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 The next image shows an ornamental thyme called "lime thyme." It has a nice bright green color and I have used it to edge a bed. It is native to southern Europe, but can take a little frost.

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Finally, here is a sedum. Again, a European plant that is relatively frost hardy.

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I brought a few potted plants into the basement for the period of frost, including  a Crassula falcata, an orchid cactus, a few epidendrum orchids, and one pink-flowered zonal geranium. After I brought them in, I realized that all of them came from Southern California. All but the geranium came from my Dad's garden, and the geranium was one I gave to my husband's mother in Los Angeles. San Francisco is on the edge of too cold for it, but there is the sentiment, you know, and the very bright flowers, so I am willing to baby it.

After the frost came the rain. At least it's warmer! I love seeing it rain, but wish there'd be a bit of sunshine every once in a while.

Of Lawns and Artichokes--and the new editon of Golden Gate Gardening

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I just thought you'd like to see a lawn growing in a place where it is happy and watered by the summer rain, so unlike here in California, where a lawn is not natural, uses a lot of irrigation water in summer, and still struggles to survive. This lawn is in rural Indiana, which I visited last summer. I don't think they do much more lawn care than mowing there. The whole area is covered with fields of crops, forest, or lawn. This lawn with trees is the view from the back porch that you can see in the distance. In winter, the view is often of snow. Not a bad view, eh?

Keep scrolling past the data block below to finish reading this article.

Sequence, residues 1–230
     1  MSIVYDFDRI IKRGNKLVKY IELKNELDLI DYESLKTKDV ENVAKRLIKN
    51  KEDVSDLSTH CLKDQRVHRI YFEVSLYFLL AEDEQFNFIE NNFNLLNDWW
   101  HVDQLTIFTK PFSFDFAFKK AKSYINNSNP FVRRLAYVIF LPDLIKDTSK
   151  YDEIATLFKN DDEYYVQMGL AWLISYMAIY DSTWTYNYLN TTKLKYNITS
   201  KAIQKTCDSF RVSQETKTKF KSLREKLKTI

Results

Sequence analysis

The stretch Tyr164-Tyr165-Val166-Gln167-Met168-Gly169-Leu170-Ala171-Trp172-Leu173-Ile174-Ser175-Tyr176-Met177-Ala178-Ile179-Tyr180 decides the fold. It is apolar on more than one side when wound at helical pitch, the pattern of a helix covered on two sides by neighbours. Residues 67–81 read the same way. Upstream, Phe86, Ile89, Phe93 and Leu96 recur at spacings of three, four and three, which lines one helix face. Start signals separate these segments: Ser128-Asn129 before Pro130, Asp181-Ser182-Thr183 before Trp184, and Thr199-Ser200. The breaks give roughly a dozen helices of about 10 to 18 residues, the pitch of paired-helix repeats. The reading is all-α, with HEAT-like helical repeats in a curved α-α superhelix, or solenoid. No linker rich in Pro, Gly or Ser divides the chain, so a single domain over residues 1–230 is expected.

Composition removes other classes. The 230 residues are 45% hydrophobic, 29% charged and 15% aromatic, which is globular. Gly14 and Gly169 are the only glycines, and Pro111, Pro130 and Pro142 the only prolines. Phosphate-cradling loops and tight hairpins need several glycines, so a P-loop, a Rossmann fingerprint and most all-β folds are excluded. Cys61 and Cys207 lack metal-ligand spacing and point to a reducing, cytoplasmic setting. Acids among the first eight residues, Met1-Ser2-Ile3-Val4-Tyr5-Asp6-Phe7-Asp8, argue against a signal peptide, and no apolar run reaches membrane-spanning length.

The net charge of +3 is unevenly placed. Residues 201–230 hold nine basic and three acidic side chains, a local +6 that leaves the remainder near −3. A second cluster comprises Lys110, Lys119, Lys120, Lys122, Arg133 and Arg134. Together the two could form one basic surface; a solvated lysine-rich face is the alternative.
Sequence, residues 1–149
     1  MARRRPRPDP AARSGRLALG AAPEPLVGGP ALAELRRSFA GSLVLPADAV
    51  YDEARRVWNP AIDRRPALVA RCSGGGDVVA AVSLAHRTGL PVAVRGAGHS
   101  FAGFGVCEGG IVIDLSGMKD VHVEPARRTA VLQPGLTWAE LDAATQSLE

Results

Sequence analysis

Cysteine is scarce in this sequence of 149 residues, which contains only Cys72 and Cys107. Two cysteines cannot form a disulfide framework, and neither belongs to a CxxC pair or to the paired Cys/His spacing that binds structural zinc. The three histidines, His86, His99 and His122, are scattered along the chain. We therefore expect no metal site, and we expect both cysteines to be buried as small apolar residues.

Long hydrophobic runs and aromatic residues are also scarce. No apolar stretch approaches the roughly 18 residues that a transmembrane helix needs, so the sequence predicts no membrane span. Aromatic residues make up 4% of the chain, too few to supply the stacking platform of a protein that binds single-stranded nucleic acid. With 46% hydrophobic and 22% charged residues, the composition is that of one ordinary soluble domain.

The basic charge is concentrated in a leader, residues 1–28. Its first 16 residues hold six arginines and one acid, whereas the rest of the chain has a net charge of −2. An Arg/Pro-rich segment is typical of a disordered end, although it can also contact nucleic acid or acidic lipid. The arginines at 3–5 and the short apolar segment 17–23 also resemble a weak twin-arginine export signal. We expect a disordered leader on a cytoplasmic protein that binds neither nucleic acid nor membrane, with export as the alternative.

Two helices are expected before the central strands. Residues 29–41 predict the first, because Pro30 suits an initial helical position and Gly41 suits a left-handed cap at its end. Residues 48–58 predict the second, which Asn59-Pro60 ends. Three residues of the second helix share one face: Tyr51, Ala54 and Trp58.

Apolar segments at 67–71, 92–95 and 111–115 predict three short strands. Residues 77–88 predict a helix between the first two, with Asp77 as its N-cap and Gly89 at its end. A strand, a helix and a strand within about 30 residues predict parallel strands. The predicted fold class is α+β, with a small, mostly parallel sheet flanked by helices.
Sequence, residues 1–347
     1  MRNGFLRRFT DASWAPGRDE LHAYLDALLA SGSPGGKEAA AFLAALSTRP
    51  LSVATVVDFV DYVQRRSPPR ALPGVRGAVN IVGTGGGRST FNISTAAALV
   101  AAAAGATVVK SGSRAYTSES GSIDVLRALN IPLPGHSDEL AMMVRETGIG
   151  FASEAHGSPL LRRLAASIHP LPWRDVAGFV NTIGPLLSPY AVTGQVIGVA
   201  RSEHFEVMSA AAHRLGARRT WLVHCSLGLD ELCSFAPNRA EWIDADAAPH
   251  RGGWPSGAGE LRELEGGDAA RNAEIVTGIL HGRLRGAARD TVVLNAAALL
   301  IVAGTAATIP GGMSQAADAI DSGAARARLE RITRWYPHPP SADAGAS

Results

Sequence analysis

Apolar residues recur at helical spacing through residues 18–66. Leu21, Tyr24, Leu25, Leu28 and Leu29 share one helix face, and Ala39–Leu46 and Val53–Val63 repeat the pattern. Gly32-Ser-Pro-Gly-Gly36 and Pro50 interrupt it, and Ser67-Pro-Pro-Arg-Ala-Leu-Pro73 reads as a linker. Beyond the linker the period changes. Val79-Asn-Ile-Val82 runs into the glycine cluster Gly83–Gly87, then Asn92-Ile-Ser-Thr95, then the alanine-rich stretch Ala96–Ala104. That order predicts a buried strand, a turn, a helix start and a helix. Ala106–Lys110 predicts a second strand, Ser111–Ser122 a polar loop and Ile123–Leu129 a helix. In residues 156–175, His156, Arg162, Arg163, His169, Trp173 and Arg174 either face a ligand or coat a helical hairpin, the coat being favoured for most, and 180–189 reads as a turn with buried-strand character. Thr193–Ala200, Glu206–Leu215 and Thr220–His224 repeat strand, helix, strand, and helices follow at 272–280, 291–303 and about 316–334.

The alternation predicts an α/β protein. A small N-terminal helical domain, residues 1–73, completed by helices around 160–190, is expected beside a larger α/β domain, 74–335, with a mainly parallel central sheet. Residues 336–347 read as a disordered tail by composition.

Here in California, I planted seed of 'Imperial Star' artichoke a couple of weeks ago, and seedlings are emerging from the seeding mix in containers on my windowsill. I've never grown artichoke from seed before. This is the one that is supposed to bear the first year from seed. They use it a lot in the Imperial Valley, where summers are probably too hot and winters too mild for it to do well as a perennial. They take it out and replant every year. Interrupts the life cycle of pests too. Gardeners in cold-winter areas also try 'Imperial Star' since the winter would kill the plants. Here in the near-coastal parts of the  Bay Area, it should be perennial, just fast bearing. It needs to to outside early enough to get a little chill before spring warmth, which should be no problem to achieve here in San Francisco, where our springs are long and chilly. I'll post some photos when the plants are a little bigger.

I am beginning a countdown to the publication of Golden Gate Gardening 3rd Edition (GGG3A), which should be in stores by February 1st, 62 days from today. Much new and updated info. Calendars for Zones 15 and 16. New recipes. New cover too.